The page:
- A contract that gives the employee discretion over whether to keep the company legally obligated is not treated as renewed if the employee exercises discretion to keep the company bound.
Some exceptions are:
- A contract is not treated as terminable or cancelable if it can be terminated or canceled only by terminating the employee’s employment
- A contract is not treated as renewed if it provides that, upon its termination or cancelation, the employment relationship continues (but not under the contract)
What Constitutes a “Material Modification?”
A grandfathered compensation arrangement will lose its grandfathered status (and become subject to the new Section 162(m) rules) if the arrangement is “materially modified” after November 2, 2017. Amounts paid before the modification will remain grandfathered (and subject to the old Section 162(m) rules), but all amounts paid after the modification date are subject to the new Section 162(m) rules to determine deductibility.
Basic Definition of Material Modification: Amendment that Increases the Amount of Compensation
In general, any amendment to increase the amount of compensation payable to the employee will be treated as a material modification. There is a limited exception for supplemental payments that are no more than a reasonable cost-of-living increase over a payment made in the preceding year under the contract.
Acceleration is a Material Modification Unless Discounted
If a grandfathered arrangement is modified to accelerate the payment of compensation, then it is treated as materially modified unless the amount paid is discounted to reasonably reflect the time value of money.
Deferrals are Not Material Modifications Unless Amount Increased Beyond Reasonable Interest or Investment Return
If a grandfathered arrangement is modified to defer when the compensation is payable , then the arrangement will be treated as materially modified unless the amount paid is increased only by a reasonable rate of interest or the return on a predetermined actual investment (which must reflect decreases as well as increases in the investment).
If the company and the employee enter into a separate agreement that provides for increased or additional compensation related to the compensation payable under a grandfathered arrangement, then the IRS will evaluate whether the new arrangement should be treated as materially modifying a grandfathered arrangement on a facts and circumstances basis. The IRS will look at the facts and circumstances to determine whether the additional compensation is paid on the basis of substantially the same elements or conditions as the grandfathered compensation.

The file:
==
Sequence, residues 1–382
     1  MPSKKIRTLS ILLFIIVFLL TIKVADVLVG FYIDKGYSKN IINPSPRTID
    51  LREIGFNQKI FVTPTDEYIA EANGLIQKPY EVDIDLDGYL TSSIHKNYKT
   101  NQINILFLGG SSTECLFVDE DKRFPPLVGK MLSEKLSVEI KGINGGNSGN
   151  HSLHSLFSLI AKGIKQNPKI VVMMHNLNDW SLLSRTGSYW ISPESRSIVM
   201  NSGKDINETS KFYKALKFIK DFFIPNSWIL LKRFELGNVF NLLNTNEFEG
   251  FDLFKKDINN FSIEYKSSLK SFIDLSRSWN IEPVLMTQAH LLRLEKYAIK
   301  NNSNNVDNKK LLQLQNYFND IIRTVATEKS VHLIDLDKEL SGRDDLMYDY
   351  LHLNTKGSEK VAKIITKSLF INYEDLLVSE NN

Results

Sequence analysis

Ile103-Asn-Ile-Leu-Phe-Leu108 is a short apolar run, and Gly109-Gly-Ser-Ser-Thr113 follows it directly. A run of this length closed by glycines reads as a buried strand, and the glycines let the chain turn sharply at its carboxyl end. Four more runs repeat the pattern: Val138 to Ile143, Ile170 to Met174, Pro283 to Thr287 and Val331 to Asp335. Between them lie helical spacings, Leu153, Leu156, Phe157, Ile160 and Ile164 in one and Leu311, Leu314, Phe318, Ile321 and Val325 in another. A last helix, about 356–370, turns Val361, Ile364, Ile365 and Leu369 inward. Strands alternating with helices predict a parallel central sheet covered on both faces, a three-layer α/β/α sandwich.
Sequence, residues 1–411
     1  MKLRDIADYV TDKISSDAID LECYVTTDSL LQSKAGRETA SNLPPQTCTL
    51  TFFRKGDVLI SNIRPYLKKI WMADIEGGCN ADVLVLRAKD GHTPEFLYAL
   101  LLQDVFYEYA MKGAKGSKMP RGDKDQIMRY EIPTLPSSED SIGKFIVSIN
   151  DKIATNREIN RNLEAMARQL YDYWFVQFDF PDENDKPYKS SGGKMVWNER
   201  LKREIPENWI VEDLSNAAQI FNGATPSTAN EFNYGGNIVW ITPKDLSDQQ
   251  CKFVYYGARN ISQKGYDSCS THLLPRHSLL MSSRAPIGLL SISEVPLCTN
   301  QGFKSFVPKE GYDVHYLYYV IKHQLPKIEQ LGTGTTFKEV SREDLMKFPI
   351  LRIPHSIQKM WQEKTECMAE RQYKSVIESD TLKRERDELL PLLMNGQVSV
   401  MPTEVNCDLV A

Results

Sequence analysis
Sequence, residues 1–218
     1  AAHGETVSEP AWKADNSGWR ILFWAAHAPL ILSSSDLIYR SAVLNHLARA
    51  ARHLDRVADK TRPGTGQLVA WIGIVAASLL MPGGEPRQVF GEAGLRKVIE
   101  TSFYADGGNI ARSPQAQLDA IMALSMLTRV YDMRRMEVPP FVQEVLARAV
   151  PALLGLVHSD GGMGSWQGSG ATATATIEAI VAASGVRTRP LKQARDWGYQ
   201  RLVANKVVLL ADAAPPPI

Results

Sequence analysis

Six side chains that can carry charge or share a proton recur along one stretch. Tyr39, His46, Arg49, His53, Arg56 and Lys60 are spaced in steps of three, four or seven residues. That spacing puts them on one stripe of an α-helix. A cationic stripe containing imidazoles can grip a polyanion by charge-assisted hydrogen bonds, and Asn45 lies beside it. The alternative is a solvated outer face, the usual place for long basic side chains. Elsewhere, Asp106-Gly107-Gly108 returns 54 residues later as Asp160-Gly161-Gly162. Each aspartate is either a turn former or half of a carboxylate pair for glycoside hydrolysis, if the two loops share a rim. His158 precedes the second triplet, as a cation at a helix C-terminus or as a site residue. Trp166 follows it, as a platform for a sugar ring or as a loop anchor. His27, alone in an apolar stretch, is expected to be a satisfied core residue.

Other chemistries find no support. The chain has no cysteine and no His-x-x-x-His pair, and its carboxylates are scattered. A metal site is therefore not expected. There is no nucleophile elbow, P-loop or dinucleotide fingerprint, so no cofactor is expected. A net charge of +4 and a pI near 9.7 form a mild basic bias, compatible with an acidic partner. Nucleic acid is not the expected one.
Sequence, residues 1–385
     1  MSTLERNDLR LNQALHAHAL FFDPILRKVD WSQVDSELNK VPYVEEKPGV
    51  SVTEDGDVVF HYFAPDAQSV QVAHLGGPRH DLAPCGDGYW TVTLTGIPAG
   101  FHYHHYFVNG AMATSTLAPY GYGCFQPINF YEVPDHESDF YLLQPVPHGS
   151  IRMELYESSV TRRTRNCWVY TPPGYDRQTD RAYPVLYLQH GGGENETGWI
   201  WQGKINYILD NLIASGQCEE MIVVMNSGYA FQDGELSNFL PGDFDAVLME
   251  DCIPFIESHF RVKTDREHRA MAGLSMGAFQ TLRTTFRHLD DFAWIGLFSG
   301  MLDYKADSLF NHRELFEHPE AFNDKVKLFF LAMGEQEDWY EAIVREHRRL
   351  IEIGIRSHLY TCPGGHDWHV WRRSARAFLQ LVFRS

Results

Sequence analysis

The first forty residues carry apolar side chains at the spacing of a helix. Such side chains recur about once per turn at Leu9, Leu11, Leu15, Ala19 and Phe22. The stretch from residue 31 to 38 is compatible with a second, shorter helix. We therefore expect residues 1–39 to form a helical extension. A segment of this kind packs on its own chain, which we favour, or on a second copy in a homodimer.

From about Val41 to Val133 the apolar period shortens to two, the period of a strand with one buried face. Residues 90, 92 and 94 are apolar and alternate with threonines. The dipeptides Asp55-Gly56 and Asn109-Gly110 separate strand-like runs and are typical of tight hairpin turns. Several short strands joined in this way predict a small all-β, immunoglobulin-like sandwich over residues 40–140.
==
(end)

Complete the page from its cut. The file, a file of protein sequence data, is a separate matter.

You Have a Grandfathered Arrangement That Has Not Been Materially Modified – What Does That Mean?
The IRS guidance confirmed that, if compensation is grandfathered for Section 162(m) purposes, it is not subject to any of the changes made to Section 162(m) under the Act.
Some practical implications of this are:
- Grandfathered compensation paid to someone who is a “covered employee” under the new Section 162(m) rules solely because of his or her CFO status does not count toward the $1 million limit on deductibility
- Grandfathered compensation that is payable after termination of employment (such as severance or nonqualified deferred compensation paid after termination) generally does not count toward the $1 million limit on deductibility. Note that the amount considered grandfathered under nonqualified deferred compensation arrangements will generally be limited to the amount accrued as of November 2, 2017.
- Grandfathered compensation that otherwise qualifies as “performance-based compensation” under the old Section 162(m) rules will not count toward the $1 million limit on deductibility if the requirements of the old Section 162(m) rules, including certification of achievement of the performance goals by a committee consisting solely of “outside directors,” are met. As noted above, the grandfathering of performance-based compensation arrangements may be severely limited by any negative discretion provisions within the arrangement.
- Stock options and stock appreciation rights (SARs) granted before November 2, 2017, should be considered grandfathered.
Further Guidance and Open Items
The IRS guidance indicated that the IRS intends to issue proposed regulations to cover the items discussed in the Notice. The IRS also requested public comment on some issues not addressed in its guidance, including the application of the definition of “covered employee” to an employee who was a covered employee of a predecessor company and the application of Section 162(m) to newly public companies. As a result, we expect additional guidance related to these issues to be forthcoming following the public comment period.
Companies should start or further review compensation arrangements that were in effect on November 2, 2017, to determine what arrangements may be “grandfathered” under the new Section 162(m) rules. In addition, companies should develop processes and procedures to (i) avoid any unintentional modifications of grandfathered arrangements and (ii) track all covered employees.